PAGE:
18 March 1919 diary of Dr John Stewart Muir (1845-1938) of Selkirk

Dav. [Dr David Graham] operated on Mrs Robert Finnie for chronic appendicitis + on Gladys Mann for tubercular glands in the neck which were found to be suppurating. I motored to Oakwood (Mr Linton = prurigo1) over the hill to Ashkirk + Jim Scott’s funeral2. Poor John Scott looked very broken down. I had one of the cords of the coffin between Dunlop3 + a man whom I did not know. It was cold but fair + dry day + the roads wonderfully good + quite dry. Came home by Lilliesleaf [?] + Southcommon. In afternoon After tea saw some cases in Dovecot + Elmrow + went down to Hospital to get details for report4.

1 Nodular prurigo is a skin problem with “itchy bumps (nodules)” [British Association of Dermatologists]

2 Though the name appears to be Jim in the diary this must refer to Alexander Corse Scott, Captain Royal Scots, died 13 March 1919, Aboyne Hospital, Bellwood Road, Peterculter, Aberdeenshire; it is scarcely surprising that his father John Scott was distraught, he had lost his son John Michael Corse Scott on 29 March 1917 in Greece and his daughter Violet Johnston Stewart née Scott in 1915 of a brain haemorrhage after the death of her husband Herbert Eustace Hathorn Johnston-Stewart, also in 1915, while his other son-in-law Captain Ian Forbes Mackay was killed on 25 September 1914 at Loos-en-Gohelle, Pas de Calais, France; he was himself to die the same month, on 29 March 1919 aged 64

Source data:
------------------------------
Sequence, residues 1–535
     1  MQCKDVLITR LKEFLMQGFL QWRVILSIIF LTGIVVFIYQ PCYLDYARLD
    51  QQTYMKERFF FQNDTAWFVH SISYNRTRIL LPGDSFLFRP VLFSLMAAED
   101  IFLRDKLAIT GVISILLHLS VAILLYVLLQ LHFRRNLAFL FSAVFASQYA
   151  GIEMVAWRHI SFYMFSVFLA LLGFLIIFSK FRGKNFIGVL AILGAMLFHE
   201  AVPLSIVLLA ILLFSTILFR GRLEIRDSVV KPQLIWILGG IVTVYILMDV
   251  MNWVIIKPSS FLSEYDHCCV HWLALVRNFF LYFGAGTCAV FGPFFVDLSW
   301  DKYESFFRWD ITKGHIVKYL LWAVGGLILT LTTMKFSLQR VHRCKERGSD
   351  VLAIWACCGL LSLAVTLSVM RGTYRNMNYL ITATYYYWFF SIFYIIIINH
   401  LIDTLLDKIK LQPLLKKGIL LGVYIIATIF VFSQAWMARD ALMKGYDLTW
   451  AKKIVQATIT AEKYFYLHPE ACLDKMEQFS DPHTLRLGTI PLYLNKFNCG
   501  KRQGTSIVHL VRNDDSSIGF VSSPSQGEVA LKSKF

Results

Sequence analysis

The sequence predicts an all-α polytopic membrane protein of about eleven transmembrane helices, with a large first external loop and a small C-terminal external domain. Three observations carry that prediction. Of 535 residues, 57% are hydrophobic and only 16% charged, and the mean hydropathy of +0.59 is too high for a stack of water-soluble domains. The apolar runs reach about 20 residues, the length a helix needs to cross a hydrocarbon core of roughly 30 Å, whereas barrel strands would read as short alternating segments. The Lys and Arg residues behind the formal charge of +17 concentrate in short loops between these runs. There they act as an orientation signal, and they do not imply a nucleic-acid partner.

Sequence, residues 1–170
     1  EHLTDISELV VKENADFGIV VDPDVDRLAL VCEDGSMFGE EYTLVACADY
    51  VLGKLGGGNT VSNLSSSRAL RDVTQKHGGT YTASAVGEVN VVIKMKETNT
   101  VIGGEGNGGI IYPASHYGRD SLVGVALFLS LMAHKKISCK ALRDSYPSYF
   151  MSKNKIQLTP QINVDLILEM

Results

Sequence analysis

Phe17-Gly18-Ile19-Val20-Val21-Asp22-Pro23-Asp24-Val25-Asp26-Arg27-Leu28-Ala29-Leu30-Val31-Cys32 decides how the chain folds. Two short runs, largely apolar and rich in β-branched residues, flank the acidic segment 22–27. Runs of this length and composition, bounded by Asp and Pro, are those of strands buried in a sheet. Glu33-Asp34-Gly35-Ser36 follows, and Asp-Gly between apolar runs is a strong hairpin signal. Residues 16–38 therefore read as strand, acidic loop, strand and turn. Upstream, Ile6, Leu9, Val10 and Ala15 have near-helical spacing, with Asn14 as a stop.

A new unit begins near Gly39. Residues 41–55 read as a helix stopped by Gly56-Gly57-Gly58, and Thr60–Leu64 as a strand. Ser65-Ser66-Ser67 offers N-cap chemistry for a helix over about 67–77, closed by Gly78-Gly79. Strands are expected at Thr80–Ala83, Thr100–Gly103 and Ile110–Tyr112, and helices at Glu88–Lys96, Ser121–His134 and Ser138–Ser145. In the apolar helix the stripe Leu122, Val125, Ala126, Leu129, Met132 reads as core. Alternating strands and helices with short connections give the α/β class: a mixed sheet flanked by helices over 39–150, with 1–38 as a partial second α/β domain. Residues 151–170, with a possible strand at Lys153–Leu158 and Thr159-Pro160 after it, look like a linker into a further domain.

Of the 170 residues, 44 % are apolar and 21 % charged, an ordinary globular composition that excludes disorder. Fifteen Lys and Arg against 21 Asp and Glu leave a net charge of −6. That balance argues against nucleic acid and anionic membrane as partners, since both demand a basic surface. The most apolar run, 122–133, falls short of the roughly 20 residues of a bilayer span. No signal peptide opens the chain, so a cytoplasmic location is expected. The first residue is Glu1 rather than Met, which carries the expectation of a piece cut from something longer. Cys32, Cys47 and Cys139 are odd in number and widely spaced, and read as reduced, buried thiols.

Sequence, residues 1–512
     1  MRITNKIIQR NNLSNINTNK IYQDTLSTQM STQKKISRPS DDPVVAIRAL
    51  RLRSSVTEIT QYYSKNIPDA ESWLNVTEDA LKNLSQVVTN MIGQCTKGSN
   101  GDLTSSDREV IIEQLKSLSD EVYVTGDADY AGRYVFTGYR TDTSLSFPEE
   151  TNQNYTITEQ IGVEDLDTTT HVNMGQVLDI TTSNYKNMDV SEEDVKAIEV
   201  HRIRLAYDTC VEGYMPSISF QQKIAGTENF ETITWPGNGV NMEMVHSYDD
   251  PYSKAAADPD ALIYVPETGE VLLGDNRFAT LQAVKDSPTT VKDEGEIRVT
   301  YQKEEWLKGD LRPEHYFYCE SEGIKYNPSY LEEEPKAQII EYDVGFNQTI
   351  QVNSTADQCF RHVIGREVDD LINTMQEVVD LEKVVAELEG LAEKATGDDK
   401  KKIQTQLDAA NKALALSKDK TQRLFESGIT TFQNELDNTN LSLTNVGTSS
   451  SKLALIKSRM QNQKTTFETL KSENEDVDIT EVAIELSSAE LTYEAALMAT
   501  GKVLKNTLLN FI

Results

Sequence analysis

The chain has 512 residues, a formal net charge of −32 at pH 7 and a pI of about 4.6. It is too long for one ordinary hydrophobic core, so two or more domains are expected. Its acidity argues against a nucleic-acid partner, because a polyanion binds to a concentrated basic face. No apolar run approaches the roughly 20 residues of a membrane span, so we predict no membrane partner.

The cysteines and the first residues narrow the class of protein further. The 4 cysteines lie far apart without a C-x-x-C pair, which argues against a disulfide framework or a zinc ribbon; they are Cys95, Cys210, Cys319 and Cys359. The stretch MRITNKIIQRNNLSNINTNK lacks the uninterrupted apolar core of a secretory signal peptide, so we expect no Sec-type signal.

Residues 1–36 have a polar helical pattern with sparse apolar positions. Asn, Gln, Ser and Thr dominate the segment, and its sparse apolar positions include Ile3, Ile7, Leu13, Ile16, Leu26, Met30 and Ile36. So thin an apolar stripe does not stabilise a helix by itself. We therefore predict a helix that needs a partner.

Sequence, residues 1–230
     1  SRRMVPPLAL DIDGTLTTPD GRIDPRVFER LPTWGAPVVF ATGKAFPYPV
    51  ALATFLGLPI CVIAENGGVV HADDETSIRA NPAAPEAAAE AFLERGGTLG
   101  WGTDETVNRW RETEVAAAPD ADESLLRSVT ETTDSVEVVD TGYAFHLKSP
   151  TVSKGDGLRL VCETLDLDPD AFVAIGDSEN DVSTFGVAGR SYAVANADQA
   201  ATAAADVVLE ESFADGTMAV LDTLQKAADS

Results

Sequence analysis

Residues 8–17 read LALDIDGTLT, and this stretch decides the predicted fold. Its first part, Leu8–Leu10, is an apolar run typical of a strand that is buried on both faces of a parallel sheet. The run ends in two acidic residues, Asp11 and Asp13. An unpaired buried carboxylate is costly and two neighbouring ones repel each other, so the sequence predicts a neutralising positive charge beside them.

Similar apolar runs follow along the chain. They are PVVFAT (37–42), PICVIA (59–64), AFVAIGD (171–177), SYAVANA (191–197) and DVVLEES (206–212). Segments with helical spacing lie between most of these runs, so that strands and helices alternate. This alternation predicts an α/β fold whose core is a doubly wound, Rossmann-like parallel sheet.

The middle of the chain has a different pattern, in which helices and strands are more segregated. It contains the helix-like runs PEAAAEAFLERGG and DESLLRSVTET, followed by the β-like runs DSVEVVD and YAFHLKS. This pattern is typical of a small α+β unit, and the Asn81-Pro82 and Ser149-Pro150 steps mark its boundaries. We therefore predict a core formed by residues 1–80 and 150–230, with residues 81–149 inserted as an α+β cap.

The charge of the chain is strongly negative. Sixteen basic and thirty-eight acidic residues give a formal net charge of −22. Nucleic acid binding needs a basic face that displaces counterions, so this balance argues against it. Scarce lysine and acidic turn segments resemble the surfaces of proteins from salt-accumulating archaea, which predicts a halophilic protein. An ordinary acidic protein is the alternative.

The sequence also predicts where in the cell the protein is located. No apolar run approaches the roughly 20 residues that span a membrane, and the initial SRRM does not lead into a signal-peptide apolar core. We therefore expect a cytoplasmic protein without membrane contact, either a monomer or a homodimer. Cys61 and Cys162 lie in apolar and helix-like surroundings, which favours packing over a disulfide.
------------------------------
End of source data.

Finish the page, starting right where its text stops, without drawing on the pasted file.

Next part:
3 Assume Dunlop of Whitmuirhall

4 Assume the Selkirk Burgh Medical Officer of Health’s Report

[Source: Scottish Borders Archives & Local History Service SBA/657/22, Dr J S Muir of Selkirk, medical practitioner, journal for 1919]

Published by

rumblingclint

Archivist, interests include Dr John Stewart Muir 1845-1938) of Selkirk, general practitioner, and Seton Paul Gordon (1886–1977), naturalist, author and photographer

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